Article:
Sunday, March 23, 2014

What It's Like To Be Me

Close your eyes and see this.  You sit in the cockpit while sipping your Sundowner-Of-Choice.  The breezes blowing across the boat, ruffling your hair and ending in the soft snap snap of the US Flag flying off the stern.  The water is flat in the Little Shark River.  The current makes odd eddies but you’re anchored off to the North side, expecting the winds to turn light and northerly overnight.  You’re a little bit concerned about the changing tidal current as they don’t have much of that where you come from.

The sounds of civilization are absent.  The wind breathes a sigh, undulating the tops of the 50 ft. high mangroves that line the river.  Some unseen bird makes the occasional jungle call and a fish makes a soft plop as it lands back in the water. The dolphin breathe and dive.  The turtles poking their heads out of the water make no sound… until they get close.  And then it’s a loud Phoo-Haaa-Sooop as they exhale and then take another big breath.  They are huge with heads as big as a man’s fist.  It’s been a long day… time to make dinner. Maybe a shower since you haven’t had one in two days…

Smokehouse Bay, Marco Island
You think about how odd this all is and you laugh.  How incredible is it that you just walked away from your job and got on this boat… and broke free?  Who DOES that???  You think how out-of-your-comfort-zone this all is.  Each morning you get up and have no idea how your day will end.  You can plan and prepare, but it’s all unknown.  You may sleep with million dollar homes lining the shores tonight, and tomorrow night, you find yourself here… in another world.  

Moon over the Gulf of Mexico
You think back over your day and remember the chills that rose on your arms when you heard Coast Guard Key West on your radio.   You say to yourself... “Really!??  This is Bruce and Tammy from Corpus!  On our own boat, with Key West on the radio!”  How did this happen?  You remember laughing out loud for no reason as your boat raced over the incredibly blue-green waters and you know that this is what you came here for.

OK, you can open them.  That is what it’s like to be me right now.  

Jetsam at her post.  Goodbye Ft. Myers Beach
We left Ft. Myers Beach, Fl. and sailed most of the day to an anchorage at Marco Island called Smokehouse Bay.  It was a last minute decision, I hadn’t seen it until a friend suggested it.  

Sailing at last
We braved bright sunlight, soft winds, and favorable currents to arrive there in time for Sundowners.  

Strangely, a large sight seeing boat came in, circled us and left...
We sat in the fishbowl surrounded by those aforementioned homes and congratulated ourselves on another day survived out here.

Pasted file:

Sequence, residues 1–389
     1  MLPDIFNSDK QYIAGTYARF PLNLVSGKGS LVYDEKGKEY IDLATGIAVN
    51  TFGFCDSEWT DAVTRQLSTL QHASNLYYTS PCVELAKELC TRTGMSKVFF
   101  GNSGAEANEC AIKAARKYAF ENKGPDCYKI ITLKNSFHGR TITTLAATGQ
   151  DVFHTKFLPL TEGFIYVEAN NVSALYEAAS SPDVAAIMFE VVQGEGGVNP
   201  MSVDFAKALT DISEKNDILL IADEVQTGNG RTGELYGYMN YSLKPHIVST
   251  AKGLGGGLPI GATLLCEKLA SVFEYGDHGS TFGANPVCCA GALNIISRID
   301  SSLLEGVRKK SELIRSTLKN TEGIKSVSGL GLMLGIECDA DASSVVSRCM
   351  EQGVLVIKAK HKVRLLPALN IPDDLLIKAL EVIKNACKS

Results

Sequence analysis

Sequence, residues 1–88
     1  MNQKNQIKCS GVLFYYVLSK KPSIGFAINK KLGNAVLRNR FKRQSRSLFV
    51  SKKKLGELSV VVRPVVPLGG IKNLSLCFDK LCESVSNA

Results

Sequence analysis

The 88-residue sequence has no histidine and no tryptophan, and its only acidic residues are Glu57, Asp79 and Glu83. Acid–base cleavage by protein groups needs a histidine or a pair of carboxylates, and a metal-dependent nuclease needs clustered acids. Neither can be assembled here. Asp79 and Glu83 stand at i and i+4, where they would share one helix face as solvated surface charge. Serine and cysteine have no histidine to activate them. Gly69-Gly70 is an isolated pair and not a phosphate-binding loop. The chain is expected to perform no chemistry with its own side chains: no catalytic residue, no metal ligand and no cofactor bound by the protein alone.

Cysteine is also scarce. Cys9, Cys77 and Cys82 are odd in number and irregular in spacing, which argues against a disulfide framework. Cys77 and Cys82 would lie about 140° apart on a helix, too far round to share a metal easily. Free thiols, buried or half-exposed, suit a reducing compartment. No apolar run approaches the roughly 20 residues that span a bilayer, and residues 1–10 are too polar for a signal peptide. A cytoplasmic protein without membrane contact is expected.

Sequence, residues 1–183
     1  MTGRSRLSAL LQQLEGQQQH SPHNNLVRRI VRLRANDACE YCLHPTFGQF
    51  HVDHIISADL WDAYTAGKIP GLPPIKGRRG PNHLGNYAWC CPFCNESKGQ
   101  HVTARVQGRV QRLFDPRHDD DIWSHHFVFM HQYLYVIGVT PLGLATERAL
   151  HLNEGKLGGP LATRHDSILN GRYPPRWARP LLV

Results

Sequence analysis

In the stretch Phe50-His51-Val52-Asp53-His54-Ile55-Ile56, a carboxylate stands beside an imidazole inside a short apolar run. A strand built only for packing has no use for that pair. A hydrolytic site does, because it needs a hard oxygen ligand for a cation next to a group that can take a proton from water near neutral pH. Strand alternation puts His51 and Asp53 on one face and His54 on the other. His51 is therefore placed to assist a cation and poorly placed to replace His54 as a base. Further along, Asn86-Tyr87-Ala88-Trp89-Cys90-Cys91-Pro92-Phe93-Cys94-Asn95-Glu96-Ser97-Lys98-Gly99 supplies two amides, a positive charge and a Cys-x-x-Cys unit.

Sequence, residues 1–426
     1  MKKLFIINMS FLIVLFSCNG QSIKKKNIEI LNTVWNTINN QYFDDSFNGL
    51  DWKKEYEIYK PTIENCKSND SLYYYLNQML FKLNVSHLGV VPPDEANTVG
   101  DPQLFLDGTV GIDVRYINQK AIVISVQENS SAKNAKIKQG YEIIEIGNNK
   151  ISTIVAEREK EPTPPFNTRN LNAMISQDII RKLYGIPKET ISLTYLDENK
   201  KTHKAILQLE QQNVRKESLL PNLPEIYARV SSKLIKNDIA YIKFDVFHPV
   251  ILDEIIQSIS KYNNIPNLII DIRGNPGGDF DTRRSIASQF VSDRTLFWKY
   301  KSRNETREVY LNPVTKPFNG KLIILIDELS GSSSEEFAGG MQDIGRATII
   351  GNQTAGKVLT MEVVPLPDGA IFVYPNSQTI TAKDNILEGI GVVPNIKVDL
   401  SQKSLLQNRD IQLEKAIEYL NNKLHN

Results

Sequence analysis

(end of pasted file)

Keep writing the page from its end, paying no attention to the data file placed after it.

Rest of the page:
Underway early
Early this morning, we motored back out into the Gulf of Mexico for another spin of the wheel.  The winds cooperated and we were able to sail all day, making over 7 knots at times, which would carry us on to the Little Shark River. The morning seas were nearly flat but later built to maybe two feet, nothing uncomfortable.  The cat didn’t even toss her cookies!  

The water’s  soft emerald green is my new favorite color..  It almost glowed, as if lit up internally as we rounded the Cape Romano Shoals.  We sailed out of the sight of land and never saw more depth than 25 ft.  We saw dolphin and turtles and birds.  We were sailing!  If we had to come up with a complaint, it would be the crab pots.  Just when you think “it’s been a while since I saw any, maybe they’re done.”, here they go again.  We dodged them most of the day.  It had me wondering what would happen if we just ran over them, but don’t even go there…

Approach to Little Shark River
Just after 4:30, we dropped the sails and motored towards the channel marker signifying the entrance to Little Shark River.  We had seen the huge trees lining the shore from six miles out.  We didn’t expect trees.  We entered the river rolling with the following sea until well inside.  There were two sailboats and a trawler already anchored.  The trawler had the first anchorage, the two sailboats had the second.  We tried anchoring between them but weren’t satisfied with our position.  We asked ourselves if we would be irritated if someone came in and anchored on top of us… and the answer was, we moved. 

The Perfect Spot
Our next choice turned out to be such a better spot.  We found a wide cove on the North side of the River where the current was not as strong.  Plus, we wouldn’t swing towards shore if the predicted North winds materialized.  We set the hook and relaxed to talk about our day and to appreciate the fact that we are here.  Go. Cruising. NOW!!!

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